I have tried many different stones in the #4000 grit range over the years and except for some natural stones they all had serious flaws that let me put them aside and continue my search.
The two stones that I like are both natural Japanese waterstones, one is a Tsushima and the other one is an Aoto. Both of these stones are quite expensive and therefore not really an option for most people. Because of their uniqueness and value I don’t like to travel with them or take them to site and therefore I have been looking for a good synthetic stone in this grit size.
Novice sharpeners often appreciate soft stones because they are more forgiving. This may help while you are fine tuning your technique. If rounded bevels have your preference then a soft stone is easier to work with. This is not to say that if you prefer softer stones you are a novice it’s often just a matter of personal preference.
Anyway, the King #4000 is such a stone. And if you are learning to sharpen freehand it might be a good place to start along with its little brother in #1000 range. Personally I soon found this stone too soft, so soft that it is difficult to get accurate results repeatedly with it. And on top of that it smells funky, funky in the negative sense that is. You can actually use this softness to your advantage when you aim to produce a camber shaped edge but that is a whole different topic on it’s own.
On the other side of the hardness scale there is the Shapton Pro #5000 equally terrible in a very different way. The stone is hard and cuts fast – two very positive things one could say. That may be true but using it is so annoying that its cutting strength and hardness are outweighed by its feel. It’s a sucker! After using it for some time I got increasingly annoyed with its feel. The stone is sticky, the blade either slides over it, floating on top of the water or it sucks itself right against the stone to the point where you can barely move it anymore. It is great if you like to show off how well you can stick a blade to a sharpening stone which is very easy on this one. But since I am not into that the stone leaves me euh, stone cold.
Oh yeah, then there are the Shapton Glass stones, sure their performance is ‘ok’ (although not really impressive at all) but such a thin stone stone for that price? No thank you.
I have also never been a great fan of most Naniwa stones since they rely on aluminum oxide entirely for their sharpening medium, aluminum oxide is great for polishing up your bevel to a mirror finish but it seems to be slow. The one exception to my taste is the Naniwa Jyunpaku #8000 of which I am a great fan. Probably the best synthetic finish stone around.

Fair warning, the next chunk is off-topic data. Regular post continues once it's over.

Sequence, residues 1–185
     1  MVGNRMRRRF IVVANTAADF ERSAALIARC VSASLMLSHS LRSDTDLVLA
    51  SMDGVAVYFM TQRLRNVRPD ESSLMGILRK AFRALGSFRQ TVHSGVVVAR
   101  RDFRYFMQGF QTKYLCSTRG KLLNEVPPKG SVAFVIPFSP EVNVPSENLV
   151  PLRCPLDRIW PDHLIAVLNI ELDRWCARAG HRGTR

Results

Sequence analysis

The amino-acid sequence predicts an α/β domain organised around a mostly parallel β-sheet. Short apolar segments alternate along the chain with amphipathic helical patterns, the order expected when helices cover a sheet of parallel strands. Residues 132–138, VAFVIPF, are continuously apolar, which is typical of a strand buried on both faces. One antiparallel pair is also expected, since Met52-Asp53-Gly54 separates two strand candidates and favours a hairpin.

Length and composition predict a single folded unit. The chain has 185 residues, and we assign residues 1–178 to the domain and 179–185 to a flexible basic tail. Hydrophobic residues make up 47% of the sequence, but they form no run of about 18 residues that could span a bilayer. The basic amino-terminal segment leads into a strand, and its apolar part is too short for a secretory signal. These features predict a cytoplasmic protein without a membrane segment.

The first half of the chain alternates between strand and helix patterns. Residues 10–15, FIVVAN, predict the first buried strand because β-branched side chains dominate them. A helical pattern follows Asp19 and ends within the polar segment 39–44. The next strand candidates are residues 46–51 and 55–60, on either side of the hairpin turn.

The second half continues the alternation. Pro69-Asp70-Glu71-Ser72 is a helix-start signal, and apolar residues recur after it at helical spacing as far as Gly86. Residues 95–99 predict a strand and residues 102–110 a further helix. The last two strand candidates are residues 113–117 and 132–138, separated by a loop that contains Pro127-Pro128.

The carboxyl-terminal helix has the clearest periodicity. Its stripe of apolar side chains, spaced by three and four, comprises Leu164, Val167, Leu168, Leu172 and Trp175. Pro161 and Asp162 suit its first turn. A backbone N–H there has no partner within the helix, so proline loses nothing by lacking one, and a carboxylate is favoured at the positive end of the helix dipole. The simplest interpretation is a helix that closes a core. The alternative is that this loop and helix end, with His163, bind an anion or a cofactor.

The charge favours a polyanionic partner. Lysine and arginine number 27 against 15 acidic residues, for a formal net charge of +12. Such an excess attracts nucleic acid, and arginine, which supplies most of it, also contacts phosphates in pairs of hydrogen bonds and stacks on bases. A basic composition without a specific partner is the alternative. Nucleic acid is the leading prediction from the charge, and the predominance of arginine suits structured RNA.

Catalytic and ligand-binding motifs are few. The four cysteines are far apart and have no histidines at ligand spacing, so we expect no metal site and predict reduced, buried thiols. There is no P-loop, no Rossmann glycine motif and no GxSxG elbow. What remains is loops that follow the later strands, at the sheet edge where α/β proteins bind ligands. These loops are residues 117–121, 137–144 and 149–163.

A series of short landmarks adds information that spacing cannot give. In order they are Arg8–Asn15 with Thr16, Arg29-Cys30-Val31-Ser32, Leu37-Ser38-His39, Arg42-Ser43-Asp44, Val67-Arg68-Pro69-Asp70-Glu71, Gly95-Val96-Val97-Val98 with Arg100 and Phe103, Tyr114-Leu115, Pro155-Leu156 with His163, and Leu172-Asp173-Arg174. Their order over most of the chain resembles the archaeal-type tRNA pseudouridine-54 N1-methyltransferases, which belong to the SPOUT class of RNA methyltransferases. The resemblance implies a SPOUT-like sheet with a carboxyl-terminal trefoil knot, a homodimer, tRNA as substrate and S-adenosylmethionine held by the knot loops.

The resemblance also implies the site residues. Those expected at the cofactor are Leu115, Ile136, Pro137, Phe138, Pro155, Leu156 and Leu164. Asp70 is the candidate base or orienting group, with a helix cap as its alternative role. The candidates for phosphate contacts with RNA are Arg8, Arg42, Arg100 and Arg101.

What else did I try over the years? Bester and Sigma are pretty nice but both seem to have some flaws. They either fill up too quickly with metal particles or dish too fast or the grit size doesn’t seem consistent. Sigma produces nice stones but they are not perfect, besides none of them come close to the feel of my natural stones. The feel of quality natural stones , their performance and result they give will always remain the standard to which I compare anything else. I have no problem comparing a natural with a synthetic stone, why wouldn’t I?
Last year my friend Mike Laine suggested a new #4000 stone that had just become available. He loved it and told me it was the best #4000 stone he had ever used. When he said that I knew it had to be good. I needed to try it myself and have been sharpening with it ever since.
What a revelation.. The stone is everything I could have dreamed of. The first thing that I noticed was its feel. Fast and consistent and although the stone proves to be very hard it is not difficult to use which is often the most challenging aspect of hard stones. The stone feels really nice I don’t think I have ever used a #4000 stone that cuts as fast as this one. I have been trying all the different steels of my Japanese tools and this stone doesn’t discriminate.
What about other modern tool steels? Believe it or not but I got myself a brand new Western type plane. Don’t worry I am not reverting to Western tools but since I was working on some oak-build projects I decided to expand on a set of hand tools dedicated to this specific type of work.
A Veritas low angle jack rabbet plane, loosely inspired on a Stanley #10 Cariage Makers. It is worth mentioning that the PM-V11 blade I got which is quite something by itself. Last season I cut many miles of shavings with it and it is an interesting chunk of steel. Obviously I wanted to test this steel on this new stone as well.
I just had to know for sure, am I imagining things? Maybe my judgement got blurred because of my desire for such a well performing stone? The only way to truly asses its performance is to put it to the test and set some measurable criteria. I have done a little test but it’s description and results will have to wait until the next post. That’s right and I haven’t even revealed the stone yet.
Feel free to comment and share your experiences regarding sharpening stones. I look forward to hearing them, and please remember that my opinions are just that. This topic can often be quite inflammable and so far no one has been hurt during the process. I hope to keep it that way.